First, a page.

Dr. Robert Forrey is a Distinguished Professor of Physics at Penn State Berks. He received his Ph.D. in theoretical AMO physics in 1995 under the supervision of Prof. Hill and Prof. Morgan. Prior to joining Penn State in 1999, Dr. Forrey was a Research Associate at Harvard University.
Dr. Gillian Winters received her Ph.D. in 1990 from the University of Delaware under the supervision of Prof. Karl Unruh. She has just received the 2015 Paul Zitzewitz Excellence in Pre-College Physics Teaching Award from the American Association of Physics Teachers. Gillian Winters is a New York State Master Teacher and high school physics teacher from St. James, NY. This award is in recognition of contributions to pre-college physics teaching, and awardees are chosen for their extraordinary accomplishments in communicating the excitement of physics to their students.
Prof. Xin Fan received his Ph.D. in 2010 under the supervision of Prof. John Q. Xiao for experimental research on magnetic dynamics in various nanostructures. He continued as postdoc in the same group where he studied emerging topic of spin-orbit torque in ultrathin magnetic bilayers. In the Fall of 2014, he became Assistant Professor of Physics at the University of Denver.
Dr. Shu received his Ph.D. in 2014 for the studies of low temperature surface passivation of crystalline silicon and its application to interdigitated back contact silicon heterojunction (IBC-SHJ) solar cell under the supervision of Prof. BIrkmire. Dr. Shu is now a staff engineer at Western Digital, CA.
Dr. Shabbar Raza Rizvi obtained his Ph.D. degree in 2013 in theoretical particle physics under the supervision of Prof. Qaisar Shafi. The topic of his Ph.D. thesis was Low Energy Predictions from Supersymmetric Grand Unified Theories. He is currently a post doctoral fellow at Kavli Institute of Theoretical Physics China, Chinese Academy of Sciences, Beijing.
Dr. Ryan Stearrett obtained his Ph.D. degree in 2013 in experimental condensed matter physics under the supervision of Prof. Edmund R. Nowak. The topic of his Ph.D. thesis was magnetization fluctuations and electronic noise in exchange-biased magnetic tunnel junctions during annealing. He is currently a process engineer at Intel in Oregon.
Dr. Peter Thejll received his Ph.D. in astrophysics in 1989 under the supervision of Prof. H. L. Shipman. His thesis research was focused on white dwarfs. He was a Carlsberg Fellow at the Niels Bohr Institute and worked at the Nordic Institute for Theoretical Physics. Dr. Thejll currently is a senior scientist at the Danish Meteorological Institute in Copenhagen.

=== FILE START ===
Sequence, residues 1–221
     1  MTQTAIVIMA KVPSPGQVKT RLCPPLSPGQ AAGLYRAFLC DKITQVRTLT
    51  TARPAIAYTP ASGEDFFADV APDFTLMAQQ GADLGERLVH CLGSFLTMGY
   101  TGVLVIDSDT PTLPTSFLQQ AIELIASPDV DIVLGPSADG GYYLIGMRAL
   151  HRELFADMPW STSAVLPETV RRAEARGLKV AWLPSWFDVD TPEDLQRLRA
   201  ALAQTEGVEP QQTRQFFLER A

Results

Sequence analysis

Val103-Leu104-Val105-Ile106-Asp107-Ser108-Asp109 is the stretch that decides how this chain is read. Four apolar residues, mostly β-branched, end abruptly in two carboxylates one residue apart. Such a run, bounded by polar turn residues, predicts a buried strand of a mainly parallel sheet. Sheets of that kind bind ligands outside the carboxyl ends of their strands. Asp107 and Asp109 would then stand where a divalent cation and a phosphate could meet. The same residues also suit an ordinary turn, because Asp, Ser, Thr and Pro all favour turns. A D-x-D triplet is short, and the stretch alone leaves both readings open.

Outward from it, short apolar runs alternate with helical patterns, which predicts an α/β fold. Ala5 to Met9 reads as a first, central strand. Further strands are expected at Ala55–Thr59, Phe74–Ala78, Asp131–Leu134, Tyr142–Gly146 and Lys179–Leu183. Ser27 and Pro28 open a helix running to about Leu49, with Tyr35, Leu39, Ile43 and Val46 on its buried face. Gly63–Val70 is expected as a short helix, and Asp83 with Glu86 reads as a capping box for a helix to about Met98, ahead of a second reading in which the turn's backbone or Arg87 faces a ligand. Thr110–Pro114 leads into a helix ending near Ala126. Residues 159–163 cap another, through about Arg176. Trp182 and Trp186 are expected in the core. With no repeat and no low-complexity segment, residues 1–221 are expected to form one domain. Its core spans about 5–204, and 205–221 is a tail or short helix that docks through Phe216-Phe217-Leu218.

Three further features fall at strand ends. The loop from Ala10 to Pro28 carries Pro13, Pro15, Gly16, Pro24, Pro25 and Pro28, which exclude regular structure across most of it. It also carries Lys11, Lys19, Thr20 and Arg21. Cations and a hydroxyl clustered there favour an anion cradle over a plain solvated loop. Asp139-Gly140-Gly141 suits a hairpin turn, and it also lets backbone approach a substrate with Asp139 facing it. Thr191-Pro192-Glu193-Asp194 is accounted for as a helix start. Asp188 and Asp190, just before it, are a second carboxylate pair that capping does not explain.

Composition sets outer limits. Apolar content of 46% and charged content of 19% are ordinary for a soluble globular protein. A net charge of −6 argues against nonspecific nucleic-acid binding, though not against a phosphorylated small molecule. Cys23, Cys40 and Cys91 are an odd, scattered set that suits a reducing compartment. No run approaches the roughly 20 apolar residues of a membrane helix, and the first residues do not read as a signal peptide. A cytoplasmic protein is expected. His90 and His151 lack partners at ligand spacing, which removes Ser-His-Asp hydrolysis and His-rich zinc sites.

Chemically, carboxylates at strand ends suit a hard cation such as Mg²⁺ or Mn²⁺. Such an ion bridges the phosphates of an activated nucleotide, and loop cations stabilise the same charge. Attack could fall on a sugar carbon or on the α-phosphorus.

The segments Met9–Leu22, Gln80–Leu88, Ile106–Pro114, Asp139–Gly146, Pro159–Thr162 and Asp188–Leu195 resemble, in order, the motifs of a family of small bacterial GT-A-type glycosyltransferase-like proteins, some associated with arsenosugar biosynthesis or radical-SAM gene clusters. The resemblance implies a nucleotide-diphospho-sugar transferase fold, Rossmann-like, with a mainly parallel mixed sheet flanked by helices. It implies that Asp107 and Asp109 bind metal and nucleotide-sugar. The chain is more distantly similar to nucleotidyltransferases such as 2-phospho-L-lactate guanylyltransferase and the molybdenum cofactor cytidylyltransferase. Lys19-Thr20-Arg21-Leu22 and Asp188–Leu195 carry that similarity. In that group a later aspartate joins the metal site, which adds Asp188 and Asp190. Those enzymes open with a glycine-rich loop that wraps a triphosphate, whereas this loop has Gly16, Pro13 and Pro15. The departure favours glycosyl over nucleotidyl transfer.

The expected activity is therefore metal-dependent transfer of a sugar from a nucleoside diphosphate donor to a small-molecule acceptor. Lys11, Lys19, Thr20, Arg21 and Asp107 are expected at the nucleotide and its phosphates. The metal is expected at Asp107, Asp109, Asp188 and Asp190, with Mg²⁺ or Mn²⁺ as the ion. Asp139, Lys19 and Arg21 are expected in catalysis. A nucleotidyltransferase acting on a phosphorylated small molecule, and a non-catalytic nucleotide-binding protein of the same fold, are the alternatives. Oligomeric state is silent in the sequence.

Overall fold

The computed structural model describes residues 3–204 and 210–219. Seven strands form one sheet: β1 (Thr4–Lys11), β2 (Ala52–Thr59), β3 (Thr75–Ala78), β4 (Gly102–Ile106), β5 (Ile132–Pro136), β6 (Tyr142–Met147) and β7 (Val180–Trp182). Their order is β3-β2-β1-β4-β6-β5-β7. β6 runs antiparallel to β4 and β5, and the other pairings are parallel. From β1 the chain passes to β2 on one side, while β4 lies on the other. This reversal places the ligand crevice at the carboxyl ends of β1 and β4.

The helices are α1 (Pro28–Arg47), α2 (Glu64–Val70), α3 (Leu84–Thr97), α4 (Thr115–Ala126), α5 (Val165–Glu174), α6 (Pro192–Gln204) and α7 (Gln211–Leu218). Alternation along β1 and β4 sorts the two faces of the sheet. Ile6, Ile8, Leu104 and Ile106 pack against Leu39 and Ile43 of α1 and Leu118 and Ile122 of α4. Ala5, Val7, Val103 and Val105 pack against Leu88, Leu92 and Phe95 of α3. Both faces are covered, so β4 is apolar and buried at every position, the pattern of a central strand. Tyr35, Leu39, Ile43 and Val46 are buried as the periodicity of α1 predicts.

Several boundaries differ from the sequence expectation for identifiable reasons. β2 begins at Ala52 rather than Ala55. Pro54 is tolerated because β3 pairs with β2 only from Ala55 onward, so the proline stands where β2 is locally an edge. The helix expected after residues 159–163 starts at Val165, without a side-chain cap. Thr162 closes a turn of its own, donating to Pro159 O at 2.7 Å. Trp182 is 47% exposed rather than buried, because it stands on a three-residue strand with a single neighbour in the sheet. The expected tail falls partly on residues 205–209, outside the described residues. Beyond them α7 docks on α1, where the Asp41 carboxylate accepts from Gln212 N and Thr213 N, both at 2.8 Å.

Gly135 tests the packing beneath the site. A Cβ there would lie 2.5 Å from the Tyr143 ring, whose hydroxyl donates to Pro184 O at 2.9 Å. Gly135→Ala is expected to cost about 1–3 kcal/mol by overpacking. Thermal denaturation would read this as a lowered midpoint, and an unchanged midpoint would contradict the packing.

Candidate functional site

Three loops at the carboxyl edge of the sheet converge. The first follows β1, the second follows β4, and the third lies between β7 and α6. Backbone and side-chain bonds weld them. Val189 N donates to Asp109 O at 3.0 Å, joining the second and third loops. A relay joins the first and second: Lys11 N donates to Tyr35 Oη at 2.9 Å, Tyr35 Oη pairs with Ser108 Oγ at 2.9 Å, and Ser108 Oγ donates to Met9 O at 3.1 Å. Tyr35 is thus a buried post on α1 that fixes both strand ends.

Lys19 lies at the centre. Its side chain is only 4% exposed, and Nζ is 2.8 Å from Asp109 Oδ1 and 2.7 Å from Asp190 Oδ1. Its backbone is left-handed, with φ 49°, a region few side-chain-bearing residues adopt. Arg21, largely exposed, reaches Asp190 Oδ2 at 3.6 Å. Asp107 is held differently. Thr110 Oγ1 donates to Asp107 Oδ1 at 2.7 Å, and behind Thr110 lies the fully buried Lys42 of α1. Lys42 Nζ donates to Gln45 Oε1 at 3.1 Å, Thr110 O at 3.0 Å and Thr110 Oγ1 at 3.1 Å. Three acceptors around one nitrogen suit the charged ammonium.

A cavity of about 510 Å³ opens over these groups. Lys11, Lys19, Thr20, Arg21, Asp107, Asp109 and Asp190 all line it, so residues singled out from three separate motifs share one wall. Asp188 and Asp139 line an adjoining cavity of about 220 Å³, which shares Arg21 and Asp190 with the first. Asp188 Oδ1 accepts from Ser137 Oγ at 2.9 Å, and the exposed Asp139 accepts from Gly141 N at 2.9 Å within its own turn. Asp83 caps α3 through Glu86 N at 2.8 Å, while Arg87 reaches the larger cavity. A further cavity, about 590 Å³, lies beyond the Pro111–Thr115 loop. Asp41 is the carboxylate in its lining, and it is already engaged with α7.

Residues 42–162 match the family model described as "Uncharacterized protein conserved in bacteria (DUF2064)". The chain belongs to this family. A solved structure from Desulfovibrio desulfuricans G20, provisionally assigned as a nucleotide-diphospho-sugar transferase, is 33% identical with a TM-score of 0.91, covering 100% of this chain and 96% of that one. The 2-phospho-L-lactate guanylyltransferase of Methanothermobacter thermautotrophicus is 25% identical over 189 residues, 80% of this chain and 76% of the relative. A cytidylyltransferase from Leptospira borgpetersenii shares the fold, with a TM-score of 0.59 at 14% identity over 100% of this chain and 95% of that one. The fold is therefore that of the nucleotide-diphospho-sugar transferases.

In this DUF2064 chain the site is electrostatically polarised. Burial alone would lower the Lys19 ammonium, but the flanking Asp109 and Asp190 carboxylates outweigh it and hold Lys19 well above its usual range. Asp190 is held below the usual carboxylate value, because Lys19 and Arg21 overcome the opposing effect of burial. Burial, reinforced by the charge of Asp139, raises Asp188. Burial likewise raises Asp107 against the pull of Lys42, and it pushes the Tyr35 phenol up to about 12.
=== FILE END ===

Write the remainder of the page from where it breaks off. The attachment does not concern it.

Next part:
Dr. Wang received his Ph.D. in 2008 for the studies of magnetic tunnel junctions (MTJs) under the supervision of Prof. Xiao within the Center for Spintronics and Biodetection. During his subsequent postdoctoral research at the Johns Hopkins University, he published several high profile articles, including one in Nature Materials on spin-transfer torque in MTJs assisted by electric field to reach the limit of ultralow energy consumption. Dr.
Prof. Bindiya Arora completed her Ph.D. degree in 2008 with Dr. Marianna Safronova. During her Ph.D. she worked on the modeling of atomic systems for atomic clocks and quantum computation. After completion of her Ph.D. she worked at Guru Nanak Dev University (GNDU), Punjab, India as a guest researcher for two years, and then at the Indian Institute of Science Education and Research (IISER), Mohali, India as a scientist. Thereafter she joined the Department of Physics, GNDU as Assistant Professor.
Dr. Misquitta received his Ph.D. in 2004 while working on the subject of intermolecular perturbation theory under the supervision of Prof. Szalewicz. He currently works in the Cavendish Laboratory at the University of Cambridge in UK, and has been a College Lecturer at Murray Edwards College since 2009. His main research focus is concerned with understanding molecular aggregation from first principles, which he addresses through theoretical approaches. Dr.
Dr. DuBois received his Ph.D. in 2003 while working on Quantum Monte Carlo many-body simulations of mesoscopic Bose and fermionic systems under the supervision of Prof. Glyde. After a postdoctoral fellowship at the University of California Berkeley, he became a research scientist at the Lawrence Livermore National Laboratory.